At the end of the day, I don't care if any of the major labels survive or not. That's up to them -- they can improve the pricing and they can improve the format. That should allow them to make it. If they don't, music might be more difficult to find in a retail store but it will be available via the net. Good and great musical artists will always survive and produce new wonders for us.

Lugnut, you are correct that two wrongs don't make a right. If the music industry powerhouses do find a way to block pirating through heavy handed approaches, that hurts us all. Plus, that reduces whatever limited pressures exist to lower prices. It does help to write your local senator or representative. I would urge all to do so.
I think apple is on to something with its ITunes site ( . They sold one million songs at $.99/ea in their first week of operation. A buck a song seems reasonable to me. If the technology gets even more hifi I would spend a fortune at a site like this.
Ozfly, I ditto the first 2 paragraphs of your last statement. And I mean, to the letter. I really don't want you to all think that I feel the only good music was from years ago. That's just not the case.

As a matter of fact, if I was to look back over the last 100 music purchases that I have made, I would bet that at least 80 were releases post 1995. And probably 25 or 30 were releases from the last 2 year period. There is some wonderful and innovative new music and musicians out there.

My tastes are diverse. I listen to a lot of different styles of music. So that adds to the joy of making new music purchases and experiencing new musical presentations.

So why do I always feel so "victimized".

Example; My very last music purchase was a 2003 release, Peter Cincotti on CD. Absolutely phenomenal musician. Pristine recording with incredible sonics. Overall fantastic performance.... Borders, $17.99. Come on... Give me a break. Is that cost because of the extensive amount of promotion provided for this talented new musician?

Have any of you even heard of Peter Cincotti?
Sean: On second thought (with your latest wrinkles), I really like your lending library idea. The Apple iTunes store offers free, 30-second previews. As another current thread notes, however, 30 secs. isn't enough to really hear the song. I wonder if, as bandwidth increases, we'll get closer to your "all but the last 30 seconds" approach--the advantage of which is that, unlike software copy protection, it can't be cracked. (OTOH, I can imagine a lot of teenyboppers who decide they'd rather miss out on the last 30 secs. than pay a buck for the whole thing, so maybe it won't fly after all.)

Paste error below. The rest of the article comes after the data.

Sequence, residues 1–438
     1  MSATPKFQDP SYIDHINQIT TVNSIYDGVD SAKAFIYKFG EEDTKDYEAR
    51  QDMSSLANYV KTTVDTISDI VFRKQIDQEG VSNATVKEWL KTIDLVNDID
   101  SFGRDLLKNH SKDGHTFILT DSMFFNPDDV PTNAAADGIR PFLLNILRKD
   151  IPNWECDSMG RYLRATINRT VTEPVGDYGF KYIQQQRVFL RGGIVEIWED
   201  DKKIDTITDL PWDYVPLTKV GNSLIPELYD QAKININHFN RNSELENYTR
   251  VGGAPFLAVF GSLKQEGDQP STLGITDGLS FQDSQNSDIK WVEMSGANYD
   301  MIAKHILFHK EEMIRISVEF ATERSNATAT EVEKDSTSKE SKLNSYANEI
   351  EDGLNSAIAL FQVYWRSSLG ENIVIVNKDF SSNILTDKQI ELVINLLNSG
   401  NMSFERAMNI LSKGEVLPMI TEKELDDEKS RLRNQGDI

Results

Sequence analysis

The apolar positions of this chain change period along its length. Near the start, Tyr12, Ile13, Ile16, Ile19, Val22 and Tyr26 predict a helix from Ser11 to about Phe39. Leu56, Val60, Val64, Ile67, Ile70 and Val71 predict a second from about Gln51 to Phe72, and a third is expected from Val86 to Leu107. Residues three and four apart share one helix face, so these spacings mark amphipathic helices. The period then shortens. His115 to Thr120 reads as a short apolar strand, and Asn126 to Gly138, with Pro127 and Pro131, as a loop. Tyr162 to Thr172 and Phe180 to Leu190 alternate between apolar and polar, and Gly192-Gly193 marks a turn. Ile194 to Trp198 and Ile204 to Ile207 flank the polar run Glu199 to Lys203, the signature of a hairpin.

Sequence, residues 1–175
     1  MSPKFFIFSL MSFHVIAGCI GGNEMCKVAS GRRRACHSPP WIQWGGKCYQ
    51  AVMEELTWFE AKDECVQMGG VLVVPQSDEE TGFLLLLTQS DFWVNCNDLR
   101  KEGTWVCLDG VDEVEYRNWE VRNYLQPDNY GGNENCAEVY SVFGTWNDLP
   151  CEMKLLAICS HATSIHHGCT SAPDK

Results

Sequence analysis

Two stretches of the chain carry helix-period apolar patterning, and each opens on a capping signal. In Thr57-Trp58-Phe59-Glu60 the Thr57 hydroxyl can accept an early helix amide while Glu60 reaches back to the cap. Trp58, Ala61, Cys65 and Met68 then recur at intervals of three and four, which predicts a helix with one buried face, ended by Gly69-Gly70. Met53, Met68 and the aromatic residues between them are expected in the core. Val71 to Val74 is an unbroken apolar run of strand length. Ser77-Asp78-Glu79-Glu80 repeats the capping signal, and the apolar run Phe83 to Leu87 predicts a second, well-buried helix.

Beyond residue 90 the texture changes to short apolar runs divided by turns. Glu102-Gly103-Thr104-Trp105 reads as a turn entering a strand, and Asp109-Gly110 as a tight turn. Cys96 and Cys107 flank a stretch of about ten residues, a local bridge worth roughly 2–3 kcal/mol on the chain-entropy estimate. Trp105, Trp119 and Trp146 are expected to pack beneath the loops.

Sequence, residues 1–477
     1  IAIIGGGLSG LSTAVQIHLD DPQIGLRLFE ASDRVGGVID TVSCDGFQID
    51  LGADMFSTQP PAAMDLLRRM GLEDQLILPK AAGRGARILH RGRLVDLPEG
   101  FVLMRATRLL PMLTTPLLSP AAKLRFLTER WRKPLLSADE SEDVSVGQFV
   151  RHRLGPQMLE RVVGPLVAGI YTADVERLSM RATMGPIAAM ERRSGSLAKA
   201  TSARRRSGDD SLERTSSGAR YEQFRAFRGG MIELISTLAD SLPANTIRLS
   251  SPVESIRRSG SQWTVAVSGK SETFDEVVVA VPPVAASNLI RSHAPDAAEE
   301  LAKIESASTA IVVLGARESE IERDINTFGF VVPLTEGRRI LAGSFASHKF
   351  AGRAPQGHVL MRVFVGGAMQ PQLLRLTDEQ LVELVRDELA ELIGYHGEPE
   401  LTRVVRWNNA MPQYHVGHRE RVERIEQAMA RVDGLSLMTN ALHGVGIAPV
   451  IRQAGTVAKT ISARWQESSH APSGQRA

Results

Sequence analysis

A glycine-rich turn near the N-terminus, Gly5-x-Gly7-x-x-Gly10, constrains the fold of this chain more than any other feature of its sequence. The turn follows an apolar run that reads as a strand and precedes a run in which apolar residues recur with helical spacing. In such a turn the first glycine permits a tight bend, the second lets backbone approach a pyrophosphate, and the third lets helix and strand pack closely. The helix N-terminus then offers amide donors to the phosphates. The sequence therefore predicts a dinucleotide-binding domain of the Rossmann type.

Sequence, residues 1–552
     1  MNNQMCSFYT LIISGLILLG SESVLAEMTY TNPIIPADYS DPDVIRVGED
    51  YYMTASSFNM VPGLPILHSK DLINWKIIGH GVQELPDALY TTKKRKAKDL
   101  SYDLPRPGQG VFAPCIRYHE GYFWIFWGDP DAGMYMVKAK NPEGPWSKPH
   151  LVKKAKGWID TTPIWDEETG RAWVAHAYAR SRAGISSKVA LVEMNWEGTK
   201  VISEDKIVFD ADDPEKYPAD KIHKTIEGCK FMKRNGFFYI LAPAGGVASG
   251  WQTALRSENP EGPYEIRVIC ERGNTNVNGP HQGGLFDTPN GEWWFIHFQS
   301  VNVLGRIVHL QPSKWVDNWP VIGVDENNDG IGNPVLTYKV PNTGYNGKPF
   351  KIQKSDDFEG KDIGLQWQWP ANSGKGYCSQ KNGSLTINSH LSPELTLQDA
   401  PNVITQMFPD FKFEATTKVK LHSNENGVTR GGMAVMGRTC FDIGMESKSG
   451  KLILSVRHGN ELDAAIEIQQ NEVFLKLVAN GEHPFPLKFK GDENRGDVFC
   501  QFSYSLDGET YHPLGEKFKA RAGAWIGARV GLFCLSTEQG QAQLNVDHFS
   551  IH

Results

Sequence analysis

the downturn in the music industry is an effect caused by a cultural change. the last three decades of youth have been conditioned into believing that music is no different than any disposable commodity you can name. classic rock is nothing but fodder for tv commercials...classical music is all generic backround noise that deseves its spot on the bargain rack at walmart next to the candybars... new music that has any link to r&b or gospel is corny..and c&w is a fashion show of funny talking,flag waiving yahoos with hats that don't ever come off ,even in the wind. there is more talk radio today than ever and all their commercials tell you you're an idiot for listening to a music station....this isn't about bad business(the music guys have been through that many times)...this is about music being a more fringe entertainment now and in the future."its the end of the world as we know it,and i feel fine".